91. - Every SQL query returns as a Result-Set, which is a table in and of itself
  92. - In SQL, `*` is called a "Kleene Star"
  93.  
  94. #### `SELECT` syntax:
  95. - `SELECT DISTINCT` can be used to select only unique values
  96. ```sql
  97. SELECT column1, column2, ... FROM table_name;
  98. SELECT DISTINCT column1, column2, ... FROM table_name;
  99. ```
  100. - We use the Primary-Key (column) to ensure uniqueness.
  101.   - i.e., for people, we could use their SIN, since we know it will always be
  102.     unique
  103.  
  104. #### `WHERE` clause
  105. - Basically an `if` statement
  106. - Filters on a specified condition, rather than uniqueness
  107. - ex.
  108. ```sql
  109. SELECT column1, column2 FROM table_name WHERE condition;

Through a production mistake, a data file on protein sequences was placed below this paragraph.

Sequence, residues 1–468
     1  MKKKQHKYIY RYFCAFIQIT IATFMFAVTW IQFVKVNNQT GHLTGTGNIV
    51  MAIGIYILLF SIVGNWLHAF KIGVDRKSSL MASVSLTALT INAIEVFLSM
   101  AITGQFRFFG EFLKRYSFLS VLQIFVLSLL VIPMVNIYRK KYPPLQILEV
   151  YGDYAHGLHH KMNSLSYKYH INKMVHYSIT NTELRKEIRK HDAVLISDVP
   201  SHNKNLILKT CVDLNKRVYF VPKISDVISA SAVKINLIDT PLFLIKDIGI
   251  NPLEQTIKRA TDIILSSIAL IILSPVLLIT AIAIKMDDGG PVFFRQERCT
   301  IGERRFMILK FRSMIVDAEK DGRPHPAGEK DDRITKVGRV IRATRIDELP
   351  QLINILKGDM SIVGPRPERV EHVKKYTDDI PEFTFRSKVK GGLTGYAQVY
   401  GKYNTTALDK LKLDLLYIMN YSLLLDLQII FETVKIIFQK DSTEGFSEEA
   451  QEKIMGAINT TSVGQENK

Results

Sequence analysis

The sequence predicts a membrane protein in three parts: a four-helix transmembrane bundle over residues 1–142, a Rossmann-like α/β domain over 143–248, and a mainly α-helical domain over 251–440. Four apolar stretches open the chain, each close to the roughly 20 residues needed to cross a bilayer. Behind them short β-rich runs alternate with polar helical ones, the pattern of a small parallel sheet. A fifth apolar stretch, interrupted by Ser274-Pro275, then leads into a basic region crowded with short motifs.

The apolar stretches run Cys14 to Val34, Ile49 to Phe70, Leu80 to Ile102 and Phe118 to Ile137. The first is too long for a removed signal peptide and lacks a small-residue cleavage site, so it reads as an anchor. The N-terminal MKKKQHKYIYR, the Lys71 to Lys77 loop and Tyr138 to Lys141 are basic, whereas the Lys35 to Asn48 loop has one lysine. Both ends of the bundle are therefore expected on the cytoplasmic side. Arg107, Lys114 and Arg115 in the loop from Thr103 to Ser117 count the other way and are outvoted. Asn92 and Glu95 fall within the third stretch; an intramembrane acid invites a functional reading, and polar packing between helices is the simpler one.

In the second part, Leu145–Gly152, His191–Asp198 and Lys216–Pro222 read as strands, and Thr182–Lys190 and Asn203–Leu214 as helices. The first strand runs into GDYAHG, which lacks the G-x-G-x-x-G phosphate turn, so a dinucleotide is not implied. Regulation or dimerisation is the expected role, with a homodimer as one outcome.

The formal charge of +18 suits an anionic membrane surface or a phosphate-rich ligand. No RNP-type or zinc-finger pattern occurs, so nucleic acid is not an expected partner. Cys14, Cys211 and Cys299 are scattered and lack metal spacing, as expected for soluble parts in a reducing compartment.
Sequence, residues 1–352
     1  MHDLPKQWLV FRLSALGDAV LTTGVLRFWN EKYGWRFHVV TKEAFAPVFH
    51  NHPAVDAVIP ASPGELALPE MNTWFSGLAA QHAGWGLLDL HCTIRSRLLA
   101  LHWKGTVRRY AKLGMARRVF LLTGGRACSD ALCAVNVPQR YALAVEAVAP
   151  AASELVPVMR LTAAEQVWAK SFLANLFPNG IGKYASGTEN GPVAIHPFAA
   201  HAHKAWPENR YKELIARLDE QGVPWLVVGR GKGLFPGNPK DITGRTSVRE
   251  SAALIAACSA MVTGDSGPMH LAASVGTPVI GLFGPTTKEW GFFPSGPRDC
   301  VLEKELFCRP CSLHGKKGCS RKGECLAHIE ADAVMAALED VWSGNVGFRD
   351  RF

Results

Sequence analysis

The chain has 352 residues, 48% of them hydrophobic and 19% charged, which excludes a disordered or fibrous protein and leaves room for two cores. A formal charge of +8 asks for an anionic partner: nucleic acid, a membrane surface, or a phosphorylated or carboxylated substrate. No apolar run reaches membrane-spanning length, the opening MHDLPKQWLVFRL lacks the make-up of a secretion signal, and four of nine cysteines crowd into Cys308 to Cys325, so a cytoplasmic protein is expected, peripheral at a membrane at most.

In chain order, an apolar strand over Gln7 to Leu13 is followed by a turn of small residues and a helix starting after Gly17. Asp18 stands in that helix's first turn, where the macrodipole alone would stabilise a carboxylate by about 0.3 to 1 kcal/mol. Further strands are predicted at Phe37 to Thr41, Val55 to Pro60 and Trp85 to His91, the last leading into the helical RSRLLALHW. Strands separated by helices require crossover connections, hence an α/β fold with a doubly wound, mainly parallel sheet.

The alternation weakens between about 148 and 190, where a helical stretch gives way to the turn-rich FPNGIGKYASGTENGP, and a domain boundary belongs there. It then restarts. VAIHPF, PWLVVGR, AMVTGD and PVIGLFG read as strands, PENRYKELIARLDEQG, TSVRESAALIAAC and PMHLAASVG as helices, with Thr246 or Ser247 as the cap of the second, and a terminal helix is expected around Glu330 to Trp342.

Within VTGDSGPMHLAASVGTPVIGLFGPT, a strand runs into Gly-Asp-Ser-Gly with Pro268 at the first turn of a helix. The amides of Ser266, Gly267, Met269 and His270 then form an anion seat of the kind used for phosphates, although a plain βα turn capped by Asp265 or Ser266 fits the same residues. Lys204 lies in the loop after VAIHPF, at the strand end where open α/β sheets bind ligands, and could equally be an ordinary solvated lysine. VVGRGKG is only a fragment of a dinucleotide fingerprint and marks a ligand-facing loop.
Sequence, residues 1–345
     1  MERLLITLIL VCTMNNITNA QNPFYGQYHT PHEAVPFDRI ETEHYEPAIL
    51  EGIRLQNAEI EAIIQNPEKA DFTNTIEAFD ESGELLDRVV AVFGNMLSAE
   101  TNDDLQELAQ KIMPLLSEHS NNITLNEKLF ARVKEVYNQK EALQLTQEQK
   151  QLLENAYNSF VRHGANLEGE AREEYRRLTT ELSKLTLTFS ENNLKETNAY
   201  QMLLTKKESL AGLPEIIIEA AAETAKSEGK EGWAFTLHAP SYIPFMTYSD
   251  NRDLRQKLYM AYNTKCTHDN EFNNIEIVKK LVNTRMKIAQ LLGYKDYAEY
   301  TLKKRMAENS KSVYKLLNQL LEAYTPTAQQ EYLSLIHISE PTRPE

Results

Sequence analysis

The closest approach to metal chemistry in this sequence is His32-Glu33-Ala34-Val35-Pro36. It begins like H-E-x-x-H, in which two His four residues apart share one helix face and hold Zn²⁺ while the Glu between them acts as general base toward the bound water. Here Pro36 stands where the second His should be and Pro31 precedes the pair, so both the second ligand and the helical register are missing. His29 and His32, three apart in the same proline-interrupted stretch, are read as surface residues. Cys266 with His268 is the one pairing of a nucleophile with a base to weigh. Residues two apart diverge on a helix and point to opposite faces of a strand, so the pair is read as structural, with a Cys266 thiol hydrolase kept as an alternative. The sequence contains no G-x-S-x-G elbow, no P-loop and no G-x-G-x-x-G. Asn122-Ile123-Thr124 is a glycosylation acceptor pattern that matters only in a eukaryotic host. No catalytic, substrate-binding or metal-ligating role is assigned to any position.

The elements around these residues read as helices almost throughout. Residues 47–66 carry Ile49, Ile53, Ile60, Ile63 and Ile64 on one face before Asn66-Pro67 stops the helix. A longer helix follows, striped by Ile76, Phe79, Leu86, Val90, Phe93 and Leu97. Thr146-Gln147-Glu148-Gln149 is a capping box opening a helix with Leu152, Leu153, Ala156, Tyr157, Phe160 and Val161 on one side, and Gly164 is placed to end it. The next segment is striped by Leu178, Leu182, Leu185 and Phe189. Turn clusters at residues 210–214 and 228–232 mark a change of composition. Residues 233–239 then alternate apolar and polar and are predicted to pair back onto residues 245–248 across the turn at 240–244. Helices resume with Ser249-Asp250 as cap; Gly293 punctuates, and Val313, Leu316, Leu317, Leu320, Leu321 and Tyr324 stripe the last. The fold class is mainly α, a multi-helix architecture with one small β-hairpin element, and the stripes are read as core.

110. ```
  111. - Operators:
  112.   - `=` - Equal
  113.   - `<>` - Not equal (could be `!=` in other flavours)
  114.   - `<`
  115.   - `>`
  116.   - `<=`
  117.   - `>=`
  118. - Example:
  119.   ```sql
  120.   SELECT * FROM employees where name = Alaadin;
  121.   -- Corrected, this is:
  122.   SELECT * FROM employees WHERE name = 'Alaadin';
  123.   ```
  124.   - `where` -> `WHERE`, follow conventions
  125.   - Strings should be in quotes
  126. - `WHERE` can use `AND` and `OR` and `NOT`
  127. - You can use brackets when compounding statements, but we try not to use
  128.   complicated statements
  129.  
  130. #### `ORDER BY` Keyword
  131. - Sorts the result-set in ascending or descending order
  132. - Use `ASC` or `DESC`
  133. ```sql
  134. SELECT c1, c2 FROM table1 ORDER BY c1, c2, ASC;
  135. ```
  136.  
  137. #### SQL `NULL` Values
  138. - A field with a `NULL` value is a field with no value
  139. - Does **not** mean "no value" -- it could mean something in some cases
  140.   - This is important when we get to the `JOIN` operator
  141. - White-space is actually data in an SQL table
  142. - We can test for `NULL` values
  143. - `IS NULL` and `IS NOT NULL`